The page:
Tuesday, 14 August 2007

So what does it feel like to live in Georgetown, Guyana?

The first thing you notice are the different sounds – the birds are interesting and everywhere and, of course, tropical in nature. They say Georgetown has more species of birds than any other capital city on the planet. Our first experience was just before a storm when we heard a terrible screeching in the trees behind the house. On closer examination we saw a green parrot and another and another until we counted nine all squawking away happily munching away at the star apples. Since then we see them everyday just before dusk. They fly from the south and move towards the north. The main bird sound is one that sounds a bit like a chirping daylight owl from a small yellow bird with a dark beak. He sings away for most of the day and the night competing with the frogs in the ditches outside the house.

The closeness of the neighbours conjures up a human intimacy that shows respect for each other’s space though so close. But maybe not for the ears! Music in Georgetown is everywhere and penetrating! Whether you like it or not it emanates from car radios, open windows, bars, shops and, of course, the minibuses, all played at an alarming volume. The Cricket World Cup regaled us with 14 nights of ear splitting music from a quarter of a mile away which was so loud we had to raise our voices to hear each other in our own front room. But generally you get used to it and it becomes part of life. You can even find yourself singing to the catchy tunes.

The street vendors come and go along the street in their turn. The paper lady, the brush lady (“Fine Broom Here” – it took 5 months to work that one out), the music man, the ice cream cart and, of course, “Nuts, Nuts”

Turn left or right along our street and you will firstly notice the open ditches in front of every house where the path is almost like a bridge. These soak up the torrential rain during the rainy season in May / June and again in November to January. It’s only when they overflow that the flooding starts. Global warming has changed these rains into the May, June, July and parts of August rains.

You can’t help but notice that, in the centre of the city, the rich and the poor live alongside each other. Perhaps areas further out are more designated along financial and social lines but, where we are, you have the 3 storey squat, the mansion which a duke or a Lord would be proud to live in, the children’s home, the government residence, the waste ground, the overcrowded building and the 3 storey house for one. Most are made of wood but latest building techniques are producing an array of new property built at neck breaking speed using brise blocks. There are clean ditches, manicured ditches, dirty ditches and dogs, dogs, dogs, (see earlier blog on the “dog bite.”). But generally people take a great pride in their property, sweeping the yard and cutting back the fast growing foliage on a regular basis.

You don’t have to go far to find a shop, usually behind grills for security but, in the more open spaces, there are small supermarkets, all with guards and their “bag bay”. Walk into the shop with a bag and you are marched out by the enthusiastic and bored guard to deposit your bag. Most variety shops sell liquor, essentials and huge 5 gallon bottles of clean water. You return your bottles on beer and liquor and that saves you the deposit next time.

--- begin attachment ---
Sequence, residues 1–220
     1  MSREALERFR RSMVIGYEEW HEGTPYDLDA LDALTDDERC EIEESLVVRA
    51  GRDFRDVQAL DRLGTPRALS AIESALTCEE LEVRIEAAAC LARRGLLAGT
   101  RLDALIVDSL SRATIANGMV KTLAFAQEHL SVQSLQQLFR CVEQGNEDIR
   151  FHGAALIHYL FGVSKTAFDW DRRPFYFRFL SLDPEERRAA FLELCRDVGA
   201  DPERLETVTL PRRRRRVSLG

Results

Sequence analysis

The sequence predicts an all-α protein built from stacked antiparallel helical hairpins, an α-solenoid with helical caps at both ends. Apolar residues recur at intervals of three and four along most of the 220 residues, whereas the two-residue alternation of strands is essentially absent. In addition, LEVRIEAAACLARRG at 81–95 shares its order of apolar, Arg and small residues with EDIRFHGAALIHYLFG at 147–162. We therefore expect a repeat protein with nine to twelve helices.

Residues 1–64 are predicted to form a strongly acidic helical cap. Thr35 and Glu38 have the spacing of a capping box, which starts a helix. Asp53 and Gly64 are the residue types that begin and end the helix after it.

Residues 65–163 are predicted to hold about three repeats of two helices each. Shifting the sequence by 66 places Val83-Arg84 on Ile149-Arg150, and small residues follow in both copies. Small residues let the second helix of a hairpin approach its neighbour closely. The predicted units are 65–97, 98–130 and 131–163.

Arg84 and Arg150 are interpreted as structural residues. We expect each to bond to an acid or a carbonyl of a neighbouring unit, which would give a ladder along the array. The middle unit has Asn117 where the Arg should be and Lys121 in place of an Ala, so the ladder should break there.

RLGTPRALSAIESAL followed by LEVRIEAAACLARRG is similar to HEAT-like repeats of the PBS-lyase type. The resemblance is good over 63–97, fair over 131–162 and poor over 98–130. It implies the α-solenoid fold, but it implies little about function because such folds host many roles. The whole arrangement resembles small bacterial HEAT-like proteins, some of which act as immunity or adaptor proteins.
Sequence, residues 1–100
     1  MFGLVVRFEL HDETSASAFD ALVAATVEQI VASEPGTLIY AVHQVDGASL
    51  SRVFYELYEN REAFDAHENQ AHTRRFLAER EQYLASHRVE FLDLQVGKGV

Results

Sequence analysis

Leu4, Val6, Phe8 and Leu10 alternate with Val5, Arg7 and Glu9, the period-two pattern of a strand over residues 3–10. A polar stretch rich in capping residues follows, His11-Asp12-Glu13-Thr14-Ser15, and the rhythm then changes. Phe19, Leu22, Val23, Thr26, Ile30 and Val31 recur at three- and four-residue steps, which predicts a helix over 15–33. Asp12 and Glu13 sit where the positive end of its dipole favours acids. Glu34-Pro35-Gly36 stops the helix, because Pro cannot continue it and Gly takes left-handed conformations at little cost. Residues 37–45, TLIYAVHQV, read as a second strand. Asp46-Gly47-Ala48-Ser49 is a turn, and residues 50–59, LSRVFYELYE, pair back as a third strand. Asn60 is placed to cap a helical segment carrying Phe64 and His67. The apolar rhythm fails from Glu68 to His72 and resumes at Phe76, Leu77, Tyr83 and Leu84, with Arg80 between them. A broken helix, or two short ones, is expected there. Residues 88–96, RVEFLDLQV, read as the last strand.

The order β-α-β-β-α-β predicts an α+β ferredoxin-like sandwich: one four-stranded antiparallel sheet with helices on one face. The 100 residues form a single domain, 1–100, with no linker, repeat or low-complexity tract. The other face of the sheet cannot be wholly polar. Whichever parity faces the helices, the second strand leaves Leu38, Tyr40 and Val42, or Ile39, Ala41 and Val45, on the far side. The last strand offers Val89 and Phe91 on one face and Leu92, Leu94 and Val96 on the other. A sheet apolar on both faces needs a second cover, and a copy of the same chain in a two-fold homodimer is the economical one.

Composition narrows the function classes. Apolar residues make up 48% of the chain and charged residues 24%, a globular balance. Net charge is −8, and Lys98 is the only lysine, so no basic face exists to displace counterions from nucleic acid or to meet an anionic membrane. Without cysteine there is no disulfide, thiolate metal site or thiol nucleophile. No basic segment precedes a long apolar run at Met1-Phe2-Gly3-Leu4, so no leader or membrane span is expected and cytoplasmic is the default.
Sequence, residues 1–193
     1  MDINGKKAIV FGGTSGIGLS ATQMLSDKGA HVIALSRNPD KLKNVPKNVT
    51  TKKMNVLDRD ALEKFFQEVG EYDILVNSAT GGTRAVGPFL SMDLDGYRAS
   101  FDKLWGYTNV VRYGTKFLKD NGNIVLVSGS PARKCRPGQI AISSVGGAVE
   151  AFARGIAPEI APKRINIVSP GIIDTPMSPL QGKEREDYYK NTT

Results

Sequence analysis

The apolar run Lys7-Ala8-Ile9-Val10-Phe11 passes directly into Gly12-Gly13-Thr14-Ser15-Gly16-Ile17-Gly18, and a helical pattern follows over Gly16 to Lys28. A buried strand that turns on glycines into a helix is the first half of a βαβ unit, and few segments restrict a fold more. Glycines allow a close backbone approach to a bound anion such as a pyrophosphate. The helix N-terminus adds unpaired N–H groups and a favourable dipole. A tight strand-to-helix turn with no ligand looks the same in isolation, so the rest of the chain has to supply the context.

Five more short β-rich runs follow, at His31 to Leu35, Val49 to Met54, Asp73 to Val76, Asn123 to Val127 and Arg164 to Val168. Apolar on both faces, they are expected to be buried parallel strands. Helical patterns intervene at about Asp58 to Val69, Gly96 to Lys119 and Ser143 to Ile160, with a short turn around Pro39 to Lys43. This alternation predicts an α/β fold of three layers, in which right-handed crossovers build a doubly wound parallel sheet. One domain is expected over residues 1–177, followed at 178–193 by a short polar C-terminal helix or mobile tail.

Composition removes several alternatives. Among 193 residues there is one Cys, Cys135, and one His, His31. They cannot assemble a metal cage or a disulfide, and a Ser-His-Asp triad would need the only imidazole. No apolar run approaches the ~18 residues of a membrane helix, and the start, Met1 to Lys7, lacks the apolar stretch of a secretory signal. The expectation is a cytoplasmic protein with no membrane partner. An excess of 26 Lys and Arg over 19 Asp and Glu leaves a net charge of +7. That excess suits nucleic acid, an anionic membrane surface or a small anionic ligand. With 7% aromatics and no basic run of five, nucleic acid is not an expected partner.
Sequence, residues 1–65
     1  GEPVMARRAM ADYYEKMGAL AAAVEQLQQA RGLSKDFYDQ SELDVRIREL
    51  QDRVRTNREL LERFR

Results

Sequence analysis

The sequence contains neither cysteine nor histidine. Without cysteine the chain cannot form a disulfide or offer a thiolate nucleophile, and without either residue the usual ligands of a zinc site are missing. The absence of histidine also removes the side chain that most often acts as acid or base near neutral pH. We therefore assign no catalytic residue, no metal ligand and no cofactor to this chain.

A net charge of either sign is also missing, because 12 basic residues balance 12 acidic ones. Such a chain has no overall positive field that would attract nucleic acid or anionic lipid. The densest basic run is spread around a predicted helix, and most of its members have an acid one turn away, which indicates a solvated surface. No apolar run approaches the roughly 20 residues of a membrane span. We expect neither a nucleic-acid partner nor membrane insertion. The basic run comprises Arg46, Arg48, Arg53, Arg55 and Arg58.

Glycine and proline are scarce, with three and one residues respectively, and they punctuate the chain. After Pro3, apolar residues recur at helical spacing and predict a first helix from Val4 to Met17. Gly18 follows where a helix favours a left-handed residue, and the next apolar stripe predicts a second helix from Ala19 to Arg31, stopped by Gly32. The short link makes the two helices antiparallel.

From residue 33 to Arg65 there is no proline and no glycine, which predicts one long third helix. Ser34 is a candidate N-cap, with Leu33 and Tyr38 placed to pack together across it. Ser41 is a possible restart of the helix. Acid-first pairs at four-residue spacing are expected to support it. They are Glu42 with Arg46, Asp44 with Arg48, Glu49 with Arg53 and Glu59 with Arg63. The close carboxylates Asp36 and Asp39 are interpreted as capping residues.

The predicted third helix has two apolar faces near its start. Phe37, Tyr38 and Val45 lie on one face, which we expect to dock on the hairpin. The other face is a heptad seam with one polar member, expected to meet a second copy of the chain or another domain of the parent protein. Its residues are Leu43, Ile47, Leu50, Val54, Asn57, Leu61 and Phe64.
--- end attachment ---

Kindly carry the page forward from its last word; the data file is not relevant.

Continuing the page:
Intermingled with the houses are every kind of business – the Vision Guyana charity, the TV studio in a basement, the internet cafĂ© in someone’s home, juice bars in houses, the barbers where they shave you bald (good for the heat but not for the business), the nail couture shop, the vulcanizer (pumps up tyres) the fruit stall, the night club (the Blue Iguana), the taxi base et al et al. Making a few dollars is essential for life as it is everywhere but it all seems so much closer to home here.

Going back to noise, on our first day walking to the VSO office we had at least 5 cars hoot at us. Along with the children saying “good morning”, we thought “what a friendly place”. It is, on the whole, but we discovered that the use of the car horn in Guyana is a friendly and useful tool for saying “I’m coming and it would be better if you got out of the way.” Horns for cyclists can help to warn you to keep out of the way but, on the whole, it just makes you jump and is more unsafe than useful. Drivers are generally good here. There is a sort of unwritten rule about who will go first and people do give way and sort it out with the biggest usually getting right of way and the humble cyclist weaving in and out with no fear. It’s quite unusual to see just a cyclist alone on a bike. Men carry their wives and girlfriends on the crossbar, parents carry their infants (no one has prams or pushchairs and two or three children simply share. Goods are transported everywhere by bicycle – rolls of lino, boxes of fruit, gas bottles, water bottles, my weekly shopping which once used to fill up the boot of my Nissan Primera!!

You might get the impression that there aren’t many cars. Statistically, there aren’t but, in actuality, in Georgetown, they are everywhere. Mainly Japanese, Mazda or Toyota, they come in all shapes and sizes of large. There are very few small cars but usually family saloons and hundreds of 4 X 4s, large, shiny and petrol gobbling but highly suitable for the 600 km unmade road to Brazil (if they ever go on it) but far too big for Regent Street! Registration plates start with P for private, H for hire, C for cycle, G for goods and DPL for Diplomat (01 is Britain and 05 US etc.) They are followed by two letters (PEE, PHH, PKK etc) and a number. So PKK are the newest cars and HA are the oldest taxis. Most cars are in reasonable condition but there are those taxis which have broken doors, cracked windscreens and boots which jump up. On the whole, minibuses are well maintained and covered in slogans such as “God is Love” or “De Woman Chaser”, “Too Bless to be Stress” and so on. Bicycles are generally a little rusty due to the climate but never seem to fall apart completely. An old bicycle is better because no one will steel it. During the rainy season, I ride my bike with my black umbrella because that’s what the Guyanese do. It’s very practical.